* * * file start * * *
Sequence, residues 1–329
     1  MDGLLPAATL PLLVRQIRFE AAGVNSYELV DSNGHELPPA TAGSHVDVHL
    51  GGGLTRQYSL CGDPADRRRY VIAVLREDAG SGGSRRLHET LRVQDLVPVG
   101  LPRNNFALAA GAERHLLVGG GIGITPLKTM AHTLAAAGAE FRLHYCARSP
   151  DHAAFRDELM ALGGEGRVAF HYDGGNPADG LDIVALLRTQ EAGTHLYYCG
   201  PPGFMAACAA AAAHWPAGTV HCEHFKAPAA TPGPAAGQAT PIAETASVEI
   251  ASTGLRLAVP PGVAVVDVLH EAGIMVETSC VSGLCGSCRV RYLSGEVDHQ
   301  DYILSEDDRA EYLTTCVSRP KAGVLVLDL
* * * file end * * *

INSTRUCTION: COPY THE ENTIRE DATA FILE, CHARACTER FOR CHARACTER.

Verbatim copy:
Sequence, residues 1–329
     1  MDGLLPAATL PLLVRQIRFE AAGVNSYELV DSNGHELPPA TAGSHVDVHL
    51  GGGLTRQYSL CGDPADRRRY VIAVLREDAG SGGSRRLHET LRVQDLVPVG
   101  LPRNNFALAA GAERHLLVGG GIGITPLKTM AHTLAAAGAE FRLHYCARSP
   151  DHAAFRDELM ALGGEGRVAF HYDGGNPADG LDIVALLRTQ EAGTHLYYCG
   201  PPGFMAACAA AAAHWPAGTV HCEHFKAPAA TPGPAAGQAT PIAETASVEI
   251  ASTGLRLAVP PGVAVVDVLH EAGIMVETSC VSGLCGSCRV RYLSGEVDHQ
   301  DYILSEDDRA EYLTTCVSRP KAGVLVLDL